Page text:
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Have a server-socket running in an android application, which I debug using the emulator. Using the emulators console and "redir add tcp:8888:8888" I can make the service available to a program running on my development machine (as localhost:8888).

The redir port is however not available on any other network interface, meaning I can't access it through the host-ip on either the local development machine, or from a secondary machine on the network. Anyone know if its possible to make the emulator bind to all network interfaces, or have some other trick to enable other hosts on the network to connect to the emulator?

Thanks

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Found an ugly workaround by using boutell.com/rinetd, but it really not ideal to have two extra network stacks that does buffering and forwarding. –  Thingfish Oct 27 '10 at 12:33

3 Answers 3

up vote 1 down vote accepted

Technically, the emulator bounds socket on the local loopback. You can see it from the netstat command

$ netstat -an | more
Active Internet connections (including servers)
Proto Recv-Q Send-Q  Local Address          Foreign Address        (state)
...
tcp4       0      0  127.0.0.1.8888         *.*                    LISTEN
...

"Local Address" should be *.8888 in order for your service to be reachable from outside.

The only solution you have is to forward a port from the physical interface to the local loop.

On linux, which is the system I understand you are using, the easiest way to do it is by means of iptables using any source interface as input and 127.0.0.1 as destination address.

You will need administrator privileges but it can be done on a per-session basis.

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Can someone please explain how to do what Dario said above? I'm having trouble figuring out the iptables command to do it. > The only solution you have is to > forward a port from the physical > interface to the local loop. > > On linux, which is the system I > understand you are using, the easiest > way to do it is by means of iptables > using any source interface as input > and 127.0.0.1 as destination address. Thanks (I would put this as a note under his answer, but I don't see how to do that..) –  michaelmoo Feb 2 '11 at 9:04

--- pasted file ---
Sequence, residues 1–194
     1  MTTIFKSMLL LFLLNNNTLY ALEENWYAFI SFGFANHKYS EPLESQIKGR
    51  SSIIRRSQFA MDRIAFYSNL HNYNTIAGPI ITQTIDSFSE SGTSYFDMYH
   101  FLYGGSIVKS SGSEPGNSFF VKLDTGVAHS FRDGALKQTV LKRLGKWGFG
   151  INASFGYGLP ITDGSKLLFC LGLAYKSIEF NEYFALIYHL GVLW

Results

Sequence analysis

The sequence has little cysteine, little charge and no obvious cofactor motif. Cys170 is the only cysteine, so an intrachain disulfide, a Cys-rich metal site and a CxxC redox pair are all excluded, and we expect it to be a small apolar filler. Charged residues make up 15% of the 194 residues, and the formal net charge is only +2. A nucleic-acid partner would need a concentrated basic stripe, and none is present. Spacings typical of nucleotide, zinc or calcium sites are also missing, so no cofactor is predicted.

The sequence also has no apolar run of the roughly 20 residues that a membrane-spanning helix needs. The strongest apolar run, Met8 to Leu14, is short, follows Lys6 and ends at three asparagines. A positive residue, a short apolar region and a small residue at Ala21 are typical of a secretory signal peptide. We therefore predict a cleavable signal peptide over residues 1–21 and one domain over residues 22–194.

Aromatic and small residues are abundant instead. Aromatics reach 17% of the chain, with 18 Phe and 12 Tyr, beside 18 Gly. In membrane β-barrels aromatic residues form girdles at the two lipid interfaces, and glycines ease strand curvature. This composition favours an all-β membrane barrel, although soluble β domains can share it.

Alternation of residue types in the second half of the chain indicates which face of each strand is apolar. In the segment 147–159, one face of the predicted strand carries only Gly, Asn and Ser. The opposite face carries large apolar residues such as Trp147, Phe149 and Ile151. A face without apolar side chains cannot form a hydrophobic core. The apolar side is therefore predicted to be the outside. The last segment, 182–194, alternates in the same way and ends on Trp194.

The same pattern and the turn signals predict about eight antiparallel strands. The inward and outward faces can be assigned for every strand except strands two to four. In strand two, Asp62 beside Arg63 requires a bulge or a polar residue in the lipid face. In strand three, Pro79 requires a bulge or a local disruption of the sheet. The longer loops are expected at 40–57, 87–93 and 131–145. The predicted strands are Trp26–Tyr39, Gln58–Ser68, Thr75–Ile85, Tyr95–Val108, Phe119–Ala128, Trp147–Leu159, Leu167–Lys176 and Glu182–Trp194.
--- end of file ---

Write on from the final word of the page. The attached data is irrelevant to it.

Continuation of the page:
I found the OP's comment/suggestion of using rinetd to be much easier than iptables.

rinetd can intercept connections on one interface and forward them to a different IP; so, to solve this problem of the emulator not being accessible to computers other than the host machine, you intercept the incoming connections to your host and forward them to 127.0.0.1

Here's how:

First, install rinetd (http://www.boutell.com/rinetd/)

  • Linux: either download it from the link above, or, in a terminal in Ubuntu, enter "sudo apt-get install rinetd". The command could be different in other Linux distros...
  • Windows: download from the link above (but it only says 95/98/NT..)

Next, set up a port redirection in the emulator:

  • start your AVD
  • in a terminal, enter "telnet localhost 5554" (or whatever the port for your avd is)
  • once connected by telnet, enter "redir add <protocol>:<host port>:<emu port>" (e.g., "redir add tcp:5000:7000" to forward tcp data sent to port 5000 on the host to port 7000 in the emulator)

Configure rinetd:

  • Edit the file /etc/rinetd.conf and add the line "<host ip> <host port> 127.0.0.1 <localhost port>". So if your host computer's IP address is 123.45.67.89 and you want to use port 5000 and then forward it to 127.0.0.1:5000, "123.45.67.89 5000 127.0.0.1 5000"

I'm not sure if rinetd is launched automatically after you install it.. to run it:

  • "/usr/sbin/rinetd"

To re-initialize rinetd after modifying the config file:

  • "cat /var/run/rinetd.pid" shows you the pid of rinetd
  • "sudo kill -1 <pid>" re-initializes it (e.g, "sudo kill -1 3225")
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Thanks dude. It's really helpful for me. –  Sathish Apr 29 '14 at 8:54

You can also use netcat for port forwarding.

Start the emulator then run the following using a terminal:

telnet localhost 5554
redir add tcp:<host port>:<emu port>
quit

Setup port forwarding:

nc -l -p <external port> -c "nc 127.0.0.1 <host port> -v" -v

If the -c switch is not available, you can use the following instead:

nc -l <external port> | nc 127.0.0.1 <host port> -v

As an example, if you want other computers to be able to connect to port 1234 of your android emulator, you will need 2 ports on your host computer.

  • <host port>: port that listens on the local interface then forwards messages to port 1234. We will use 9200.
  • <external port>: port that listens on any interface then forwards messages to the <host port>. We will use 9100.

Commands:

redir add tcp:9200:1234
nc -l -p 9100 -c "nc 127.0.0.1 9200 -v" -v
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